Across the U.S., renewable energy generation and storage technologies are rapidly growing as part of the everyday power generation mix. Large-scale solar and wind generating installations have proliferated in recent years as the demand for renewable energy sources continues to expand while the costs of these sources has declined.
Renewable Energy, Distributed Generation and Microgrids
According to the U.S. Energy Information Administration (EIA), utility scale wind generation grew from 120,177,000 megawatt hours in 2011 to 337,510,000 megawatt hours in 2020. That’s an increase of 2.8 times in 10 years. Likewise, EIA reported that utility scale solar photovoltaic generation increased by 86 fold, growing from 1,012,000 megawatt hours in 2011 to 87,743,000 megawatt hours in 2020.
While those statistics reflect growth of grid-scale renewable generation, they don’t take into account the phenomenon of distributed generation (locally-scaled power generation and distribution).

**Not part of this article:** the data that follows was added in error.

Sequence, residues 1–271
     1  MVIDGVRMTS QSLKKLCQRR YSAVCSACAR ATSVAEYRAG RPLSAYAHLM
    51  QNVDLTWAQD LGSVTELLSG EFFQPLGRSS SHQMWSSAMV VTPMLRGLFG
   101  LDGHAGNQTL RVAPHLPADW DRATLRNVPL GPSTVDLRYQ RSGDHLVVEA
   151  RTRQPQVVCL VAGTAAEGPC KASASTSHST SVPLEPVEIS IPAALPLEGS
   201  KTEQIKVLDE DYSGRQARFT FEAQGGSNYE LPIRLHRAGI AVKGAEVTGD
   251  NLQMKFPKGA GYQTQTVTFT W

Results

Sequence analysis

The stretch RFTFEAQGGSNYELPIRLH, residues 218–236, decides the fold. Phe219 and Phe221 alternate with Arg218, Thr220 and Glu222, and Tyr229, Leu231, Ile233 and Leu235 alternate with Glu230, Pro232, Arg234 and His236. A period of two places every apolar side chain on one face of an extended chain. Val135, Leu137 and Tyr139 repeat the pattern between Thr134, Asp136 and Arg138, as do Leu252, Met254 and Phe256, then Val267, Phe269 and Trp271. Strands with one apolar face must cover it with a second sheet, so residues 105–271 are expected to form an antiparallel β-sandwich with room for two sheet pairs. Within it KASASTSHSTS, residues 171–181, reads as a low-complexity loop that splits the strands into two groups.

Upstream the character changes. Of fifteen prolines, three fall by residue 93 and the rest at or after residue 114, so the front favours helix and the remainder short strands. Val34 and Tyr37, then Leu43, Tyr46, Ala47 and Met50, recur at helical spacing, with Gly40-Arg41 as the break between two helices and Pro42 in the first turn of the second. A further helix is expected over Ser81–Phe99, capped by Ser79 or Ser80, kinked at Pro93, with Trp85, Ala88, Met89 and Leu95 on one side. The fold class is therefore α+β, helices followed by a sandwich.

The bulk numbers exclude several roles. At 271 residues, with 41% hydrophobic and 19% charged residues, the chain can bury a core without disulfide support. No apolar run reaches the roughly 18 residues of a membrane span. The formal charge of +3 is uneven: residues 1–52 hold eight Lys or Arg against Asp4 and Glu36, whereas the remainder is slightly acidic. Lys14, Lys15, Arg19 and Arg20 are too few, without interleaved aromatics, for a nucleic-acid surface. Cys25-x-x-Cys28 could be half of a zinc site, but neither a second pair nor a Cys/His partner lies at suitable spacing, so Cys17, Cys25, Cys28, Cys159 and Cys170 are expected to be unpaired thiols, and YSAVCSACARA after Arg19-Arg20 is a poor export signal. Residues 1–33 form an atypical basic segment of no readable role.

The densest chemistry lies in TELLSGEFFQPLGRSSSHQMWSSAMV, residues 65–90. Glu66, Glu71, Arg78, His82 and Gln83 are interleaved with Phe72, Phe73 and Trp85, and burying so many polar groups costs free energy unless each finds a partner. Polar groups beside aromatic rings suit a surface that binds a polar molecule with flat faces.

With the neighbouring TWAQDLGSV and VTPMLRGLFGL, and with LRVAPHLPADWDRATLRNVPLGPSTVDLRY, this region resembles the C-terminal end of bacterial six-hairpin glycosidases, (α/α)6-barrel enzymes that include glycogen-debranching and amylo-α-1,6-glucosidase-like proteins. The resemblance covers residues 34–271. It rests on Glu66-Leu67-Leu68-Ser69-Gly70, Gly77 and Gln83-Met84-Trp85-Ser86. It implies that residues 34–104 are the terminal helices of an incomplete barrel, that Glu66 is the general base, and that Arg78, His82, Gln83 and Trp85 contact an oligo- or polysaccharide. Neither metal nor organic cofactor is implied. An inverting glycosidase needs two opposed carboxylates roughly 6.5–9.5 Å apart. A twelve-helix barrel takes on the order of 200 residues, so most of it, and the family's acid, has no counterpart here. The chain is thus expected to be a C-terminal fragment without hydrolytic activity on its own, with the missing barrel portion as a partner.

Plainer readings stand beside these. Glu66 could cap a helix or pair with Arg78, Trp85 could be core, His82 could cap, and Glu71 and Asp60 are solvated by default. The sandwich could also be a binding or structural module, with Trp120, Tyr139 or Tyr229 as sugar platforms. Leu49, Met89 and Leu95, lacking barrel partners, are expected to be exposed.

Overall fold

Distributed generation refers to the concept of producing electric power with generation assets located in close proximity to the end user. Photovoltaic solar (PV) lends itself to distributed generation facilities, which may also include natural gas-fired generation equipment and a battery storage component.
Optimal candidates include industrial facilities, military installations, colleges and universities, and hospital complexes/healthcare campuses.
City Light & Power has years of experience designing, engineering and deploying distributed generation resources for a number of the military installations with whom we work.
CLP And Microgrids
One example of CLP’s work on microgrids is with the U.S. Army’s Fort Campbell complex. This includes engineering for a microgrid.
The Fort Campbell distribution system consists of a 69kV sub-transmission loop and 12.47kV local distribution throughout the installation. With eight substations, a large distribution system serves various mission critical loads including a hospital, test range, barracks and an Army Special Operations campus comprised of more than 50 buildings, a dedicated airfield and several large hangars. The Fort Campbell campus is an ideal candidate for a microgrid, and Fort Campbell is currently in the process of building 7.5MW gas engine generators that will be utilized for peak shaving and microgrid (islanded operations) during prolonged loss of external utility supply.